Lightfoot: Starting on the wrong foot

All that set the stage for a contentious relationship between Lightfoot and the Council from which Lightfoot would never recover.

“I felt as if I was a child being scolded by a parent. … That was a major mistake for an executive who has to work with a legislative body,” 3rd Ward Ald. Pat Dowell, Lightfoot’s hand-picked Budget Committee chair, told the Sun-Times the day she abandoned Lightfoot to endorse Johnson.

Mayor Lori Lightfoot delivers her inaugural address at Wintrust Arena in May 2019.

Mayor Lori Lightfoot delivers her inaugural address at Wintrust Arena in May 2019.

Ashlee Rezin/Sun-Times

Cook County Board President Toni Preckwinkle, Lightfoot’s vanquished 2019 runoff opponent, was on stage at Wintrust when the new mayor “turned around and castigated the members of the body, and I thought to myself, ‘Ooooh. This is not a good beginning.”

What can Johnson learn from Lightfoot’s mistake?

“If I were him, I’d turn around and say, ‘Look, I know I can’t get anything done without you. I want to work with you,’” Preckwinkle said.

“I look forward to working with Mayor-elect Johnson around the two crises that the city faces. That’s the violence and the challenge of addressing the needs of the asylum-seekers who are coming to our city and our county. For the last 12 years, I haven’t really had a partner across the building, and I look forward to working with him.”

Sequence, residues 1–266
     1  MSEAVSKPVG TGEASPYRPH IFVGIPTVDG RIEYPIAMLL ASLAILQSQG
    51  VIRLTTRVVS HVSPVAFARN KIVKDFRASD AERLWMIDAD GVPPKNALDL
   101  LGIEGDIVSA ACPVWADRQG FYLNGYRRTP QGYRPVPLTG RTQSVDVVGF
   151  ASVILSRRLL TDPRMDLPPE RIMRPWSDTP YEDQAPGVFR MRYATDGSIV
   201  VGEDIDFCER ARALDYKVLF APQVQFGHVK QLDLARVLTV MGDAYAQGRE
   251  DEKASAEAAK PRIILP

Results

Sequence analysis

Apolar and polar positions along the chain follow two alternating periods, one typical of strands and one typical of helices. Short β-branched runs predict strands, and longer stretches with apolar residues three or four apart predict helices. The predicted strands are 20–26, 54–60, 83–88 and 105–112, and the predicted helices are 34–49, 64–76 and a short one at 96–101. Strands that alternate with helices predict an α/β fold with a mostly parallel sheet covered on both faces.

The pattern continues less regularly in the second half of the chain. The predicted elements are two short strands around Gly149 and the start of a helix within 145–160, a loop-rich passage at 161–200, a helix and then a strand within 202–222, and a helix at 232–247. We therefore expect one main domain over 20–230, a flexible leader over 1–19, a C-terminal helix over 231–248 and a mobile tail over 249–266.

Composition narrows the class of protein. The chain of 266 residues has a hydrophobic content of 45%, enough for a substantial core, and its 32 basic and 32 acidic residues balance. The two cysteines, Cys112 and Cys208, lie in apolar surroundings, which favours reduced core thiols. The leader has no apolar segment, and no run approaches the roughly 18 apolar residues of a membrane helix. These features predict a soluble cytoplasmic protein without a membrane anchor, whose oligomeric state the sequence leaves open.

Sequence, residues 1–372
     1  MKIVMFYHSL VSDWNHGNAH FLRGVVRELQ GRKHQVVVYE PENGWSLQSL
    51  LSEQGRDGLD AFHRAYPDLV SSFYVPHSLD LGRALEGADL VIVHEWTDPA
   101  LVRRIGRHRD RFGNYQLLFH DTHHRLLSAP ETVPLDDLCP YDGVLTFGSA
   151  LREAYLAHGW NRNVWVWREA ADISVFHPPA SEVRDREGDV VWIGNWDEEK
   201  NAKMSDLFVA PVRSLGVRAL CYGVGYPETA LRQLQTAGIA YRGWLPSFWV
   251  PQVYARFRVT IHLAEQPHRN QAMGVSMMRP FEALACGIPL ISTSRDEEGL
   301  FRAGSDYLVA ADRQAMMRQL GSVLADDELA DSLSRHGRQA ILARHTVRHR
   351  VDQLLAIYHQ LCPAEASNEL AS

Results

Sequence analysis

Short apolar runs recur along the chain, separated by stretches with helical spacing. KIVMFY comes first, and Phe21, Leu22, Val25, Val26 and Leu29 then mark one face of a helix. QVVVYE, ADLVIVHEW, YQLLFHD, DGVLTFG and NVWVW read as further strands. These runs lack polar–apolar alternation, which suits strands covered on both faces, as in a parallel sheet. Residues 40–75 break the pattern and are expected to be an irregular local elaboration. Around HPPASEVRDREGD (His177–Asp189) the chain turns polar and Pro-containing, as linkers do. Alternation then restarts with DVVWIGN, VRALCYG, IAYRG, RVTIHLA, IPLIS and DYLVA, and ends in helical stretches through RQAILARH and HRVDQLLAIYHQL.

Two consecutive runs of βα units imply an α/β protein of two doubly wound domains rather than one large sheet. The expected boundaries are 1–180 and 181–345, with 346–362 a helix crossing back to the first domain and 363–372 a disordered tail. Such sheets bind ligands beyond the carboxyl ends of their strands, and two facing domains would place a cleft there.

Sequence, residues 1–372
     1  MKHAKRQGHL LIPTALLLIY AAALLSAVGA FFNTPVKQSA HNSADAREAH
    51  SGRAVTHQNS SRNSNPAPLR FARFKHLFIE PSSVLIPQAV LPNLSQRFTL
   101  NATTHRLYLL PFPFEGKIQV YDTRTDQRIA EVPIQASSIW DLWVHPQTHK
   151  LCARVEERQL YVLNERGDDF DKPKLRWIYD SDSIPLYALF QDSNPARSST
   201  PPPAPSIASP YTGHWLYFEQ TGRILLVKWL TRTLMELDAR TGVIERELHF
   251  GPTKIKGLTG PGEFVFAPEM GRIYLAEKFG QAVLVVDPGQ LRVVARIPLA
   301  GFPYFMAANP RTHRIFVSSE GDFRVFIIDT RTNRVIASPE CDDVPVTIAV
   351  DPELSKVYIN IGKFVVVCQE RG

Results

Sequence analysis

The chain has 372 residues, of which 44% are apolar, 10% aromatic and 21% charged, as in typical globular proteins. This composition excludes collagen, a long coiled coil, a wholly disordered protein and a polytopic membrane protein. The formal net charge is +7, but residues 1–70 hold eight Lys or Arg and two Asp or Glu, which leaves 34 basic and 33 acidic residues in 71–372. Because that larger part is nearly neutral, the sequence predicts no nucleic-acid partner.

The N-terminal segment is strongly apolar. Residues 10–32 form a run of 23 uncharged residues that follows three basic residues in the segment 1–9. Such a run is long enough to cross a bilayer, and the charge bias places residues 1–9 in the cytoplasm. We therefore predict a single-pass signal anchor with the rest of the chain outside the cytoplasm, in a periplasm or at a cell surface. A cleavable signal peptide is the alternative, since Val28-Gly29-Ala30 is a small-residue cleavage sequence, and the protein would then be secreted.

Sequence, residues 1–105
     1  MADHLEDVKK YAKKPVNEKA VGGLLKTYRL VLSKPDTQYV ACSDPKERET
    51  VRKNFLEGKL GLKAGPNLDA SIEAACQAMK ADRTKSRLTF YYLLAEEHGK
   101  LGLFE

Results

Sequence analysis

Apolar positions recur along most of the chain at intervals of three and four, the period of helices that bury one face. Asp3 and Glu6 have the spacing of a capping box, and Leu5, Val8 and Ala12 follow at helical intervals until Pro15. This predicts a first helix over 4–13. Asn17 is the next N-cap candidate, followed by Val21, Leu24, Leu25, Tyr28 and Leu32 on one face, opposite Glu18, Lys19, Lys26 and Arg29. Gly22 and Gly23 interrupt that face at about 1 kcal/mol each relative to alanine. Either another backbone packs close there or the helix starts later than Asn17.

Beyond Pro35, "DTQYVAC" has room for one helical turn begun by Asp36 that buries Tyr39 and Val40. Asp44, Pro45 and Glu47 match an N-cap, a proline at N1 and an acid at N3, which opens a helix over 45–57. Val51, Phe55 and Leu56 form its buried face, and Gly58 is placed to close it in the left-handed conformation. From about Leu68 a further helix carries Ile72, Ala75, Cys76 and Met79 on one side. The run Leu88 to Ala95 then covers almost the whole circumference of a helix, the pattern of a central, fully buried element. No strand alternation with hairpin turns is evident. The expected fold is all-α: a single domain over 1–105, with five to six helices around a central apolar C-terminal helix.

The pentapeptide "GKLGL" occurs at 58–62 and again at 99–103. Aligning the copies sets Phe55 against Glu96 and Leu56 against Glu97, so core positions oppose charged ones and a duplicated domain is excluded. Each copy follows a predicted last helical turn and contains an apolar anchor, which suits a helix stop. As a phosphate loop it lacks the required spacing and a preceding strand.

Former Cook County Assessor Jim Houlihan is in a unique position to compare both mistakes, having served as North Side liaison for Washington’s campaign and as intergovernmental affairs director in the Washington administration.

He said he believes Washington deliberately provoked Council Wars to “buy time” to accomplish what he knew he couldn’t because of the entrenched bureaucratic opposition.

“He knew what he was up against. The entire system of government was set against him, and he knew he needed time to change that,” Houlihan said.

“He did it on purpose. He wanted them to be against him. … But it was a mistake. It hurt the city.”

It also led to “years of stories” describing Chicago as “Beirut on the lake,” he added, “and the intense racism that was generated from that.”

Houlihan said Lightfoot’s mistake was unintentional, driven by hubris.

She was “too impressed with her election results and thinking that, by fiat, she could talk about the way things should be as opposed to the way things are. Add that to a certain amount of, shall we call it, prosecutorial arrogance?” Houlihan said.

“Being married to a prosecutor [Ann Tighe], I’ve spent many hours talking about, ‘Who died and made them God?’”

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Johnson’s task: Avoid mistakes

The challenge for Johnson is not only to avoid the mistakes made by Washington and Lightfoot, but also to make the rhetorical transition from what Houlihan calls “an outsider who talks rather glibly about what should be” to “what he can do” as Chicago’s most powerful elected official.

“He needs to know that we need taxes. How can I talk about taxes in a way that I can get it done, rather than just say, `You should do this. You should do that’ to the City Council. ... He’s got to figure out on policing, what do we do in trying to restore some confidence and some respect from people to the police and some morale issues that police have, feeling that they’re on an island by themselves,” Houlihan said.

Johnson is a talented communicator, Houlihan said, but that alone will no longer cut it — not even in an inaugural address.